Nokia Buys Into Digital Health


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Nokia on Tuesday announced plans to purchase Withings for US$192 million in cash as part of its move into the healthcare devices arena.

The deal is expected to close in early Q3, and Withings will become part of the Nokia Technologies business.

"We have said consistently that digital health was an area of strategic interest to Nokia, and we are now taking concrete action to tap the opportunity in this large and important market," Nokia CEO Rajeev Suri said.

The deal will strengthen the company's position in the Internet of Things market, he said.

Healthcare is expected to be one of the largest vertical IoT markets, and mobile health, with a compound annual growth rate of 37 percent, will be the fastest growing healthcare segment through 2020, Nokia disclosed.

Withings' products include activity trackers, scales, thermometers, and blood pressure, home and baby monitors that run on its digital health platform and have an ecosystem of more than 100 compatible apps.

The company "has a well-established presence in the mobile health space born of relatively early entry into the activity tracking and smart scales market," noted Jonathan Collins, a principal analyst at ABI Research.

"Ongoing development of a range of innovative offerings ... has extended the reach of the company within m-health as well as the range of m-health devices themselves," he told the E-Commerce Times.

Nokia "has chosen a company that has certainly showed potential and that could benefit from greater financial support," Collins said.

The IoT healthcare market "is the biggest growth market over the next seven years in terms of revenue," pointed out Laura DiDio, a research director at Strategy Analytics.

Healthcare is bigger than the other two major markets for IoT -- the financial and industrial sectors, she told the E-Commerce Times. It "affects everybody and has a big impact in both the consumer and enterprise space in IoT."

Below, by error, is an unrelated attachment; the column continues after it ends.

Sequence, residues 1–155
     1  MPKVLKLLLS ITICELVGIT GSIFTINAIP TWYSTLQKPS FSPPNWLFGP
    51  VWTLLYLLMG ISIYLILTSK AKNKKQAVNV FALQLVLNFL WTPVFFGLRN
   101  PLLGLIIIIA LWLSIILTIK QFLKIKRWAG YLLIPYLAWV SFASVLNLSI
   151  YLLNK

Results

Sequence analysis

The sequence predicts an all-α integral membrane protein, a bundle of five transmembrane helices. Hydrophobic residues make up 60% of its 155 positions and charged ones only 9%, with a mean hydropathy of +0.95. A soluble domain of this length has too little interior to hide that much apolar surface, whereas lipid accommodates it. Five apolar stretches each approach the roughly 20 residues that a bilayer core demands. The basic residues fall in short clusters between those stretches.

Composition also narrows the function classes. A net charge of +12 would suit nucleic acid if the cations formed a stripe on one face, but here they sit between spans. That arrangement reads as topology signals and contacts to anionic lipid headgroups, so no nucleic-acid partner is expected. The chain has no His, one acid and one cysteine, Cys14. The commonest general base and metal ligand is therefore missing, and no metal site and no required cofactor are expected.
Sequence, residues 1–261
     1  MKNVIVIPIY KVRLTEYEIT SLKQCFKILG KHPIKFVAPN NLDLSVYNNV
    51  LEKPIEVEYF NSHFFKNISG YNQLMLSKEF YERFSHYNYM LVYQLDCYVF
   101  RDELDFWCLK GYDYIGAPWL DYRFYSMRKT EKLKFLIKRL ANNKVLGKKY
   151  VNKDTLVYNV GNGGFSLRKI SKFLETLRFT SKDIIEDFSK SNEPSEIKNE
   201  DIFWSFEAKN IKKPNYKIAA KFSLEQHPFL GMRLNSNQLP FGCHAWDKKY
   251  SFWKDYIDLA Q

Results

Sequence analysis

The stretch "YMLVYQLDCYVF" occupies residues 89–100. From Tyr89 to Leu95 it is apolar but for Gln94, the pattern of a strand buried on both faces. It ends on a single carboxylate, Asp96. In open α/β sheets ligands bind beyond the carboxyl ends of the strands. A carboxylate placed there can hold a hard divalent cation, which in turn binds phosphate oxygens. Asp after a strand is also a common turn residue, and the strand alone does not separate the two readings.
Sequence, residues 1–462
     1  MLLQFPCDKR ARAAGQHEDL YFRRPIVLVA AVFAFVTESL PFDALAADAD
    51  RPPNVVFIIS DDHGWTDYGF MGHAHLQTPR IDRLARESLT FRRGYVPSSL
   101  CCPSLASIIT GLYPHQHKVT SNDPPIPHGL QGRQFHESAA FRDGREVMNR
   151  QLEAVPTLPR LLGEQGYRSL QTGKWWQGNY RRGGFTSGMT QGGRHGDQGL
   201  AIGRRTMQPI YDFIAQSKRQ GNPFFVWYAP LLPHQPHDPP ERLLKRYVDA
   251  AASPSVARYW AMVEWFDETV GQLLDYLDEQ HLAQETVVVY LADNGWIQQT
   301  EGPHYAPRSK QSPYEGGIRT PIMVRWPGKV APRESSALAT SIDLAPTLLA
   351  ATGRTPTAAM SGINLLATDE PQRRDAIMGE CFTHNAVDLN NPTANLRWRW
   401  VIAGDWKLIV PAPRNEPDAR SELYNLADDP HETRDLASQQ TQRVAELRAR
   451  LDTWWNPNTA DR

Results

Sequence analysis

Further, healthcare in IoT "has a wide swath of applications ranging from wearables to predictive analysis" and enables research in various fields, DiDio said. It "impacts and intersects other verticals, including insurance and biopharma."

Nokia "has 19 percent of the 3,000 patents considered essential to 4G LTE tech and is the leader there," DiDio said. The company has 16,000 patents issued and pending in the United States and "another 20,000 outside of the U.S., the majority in Europe."

Its holds patents related to WiFi and older 2G and 3G technologies such as GSM, GPRS, Edge and W-CDMA, on which it has a stranglehold, she pointed out.

Now that it has sold off its handset business to Microsoft, Nokia can "monetize the communications patents they have and can charge other people royalties if they don't use them internally," DiDio noted.

The company is "sitting on King Solomon's mine, and a lot of people are going to overlook that," she added. "The gadgets will be great, but they've also got this treasure trove of patents."

Nokia will have to take on Google, Microsoft and Apple, all of which have a presence in the healthcare field, as well as Fitbit and other makers of wearable devices for the fitness and healthcare fields.

Microsoft Research has its Medical Devices Group, which is developing sensors and sensor technologies and combining them with machine learning and signal processing technologies. It also offers Windows 10 IoT Core for medical devices.

Google X earlier this year unveiled a health tracking band. It's also working on smart contact lenses. Several other healthcare technologies were under development at Google that may have been handed over to parent company Alphabet.

Apple has been hiring medical tech talent since 2014 and in March unveiled its CareKit health tracking platform. The company might make a regulated medical device, CEO Tim Cook has indicated.

"Nokia's ability to push into the space alongside larger rivals will require significant investment and commitment," ABI's Collins said.

Richard Adhikari has written about high-tech for leading industry publications since the 1990s and wonders where it's all leading to. Will implanted RFID chips in humans be the Mark of the Beast? Will nanotech solve our coming food crisis? Does Sturgeon's Law still hold true? You can connect with Richard on Google+.

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